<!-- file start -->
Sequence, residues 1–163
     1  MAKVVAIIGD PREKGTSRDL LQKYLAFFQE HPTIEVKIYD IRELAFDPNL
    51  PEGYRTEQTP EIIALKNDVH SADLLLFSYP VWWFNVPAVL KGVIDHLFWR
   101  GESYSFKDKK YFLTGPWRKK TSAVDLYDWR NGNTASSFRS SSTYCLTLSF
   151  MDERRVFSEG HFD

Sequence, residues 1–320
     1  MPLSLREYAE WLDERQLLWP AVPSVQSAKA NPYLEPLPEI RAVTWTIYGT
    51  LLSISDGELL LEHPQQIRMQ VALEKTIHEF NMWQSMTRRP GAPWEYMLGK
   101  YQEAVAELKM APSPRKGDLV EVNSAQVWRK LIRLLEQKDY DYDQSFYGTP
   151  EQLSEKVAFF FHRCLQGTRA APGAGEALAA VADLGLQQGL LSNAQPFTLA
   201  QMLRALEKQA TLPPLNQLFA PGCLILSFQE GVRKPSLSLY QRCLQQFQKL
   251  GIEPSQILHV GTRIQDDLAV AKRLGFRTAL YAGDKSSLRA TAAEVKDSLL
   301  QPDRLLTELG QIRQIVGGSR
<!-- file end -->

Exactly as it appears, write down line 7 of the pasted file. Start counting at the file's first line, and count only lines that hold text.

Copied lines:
     1  MPLSLREYAE WLDERQLLWP AVPSVQSAKA NPYLEPLPEI RAVTWTIYGT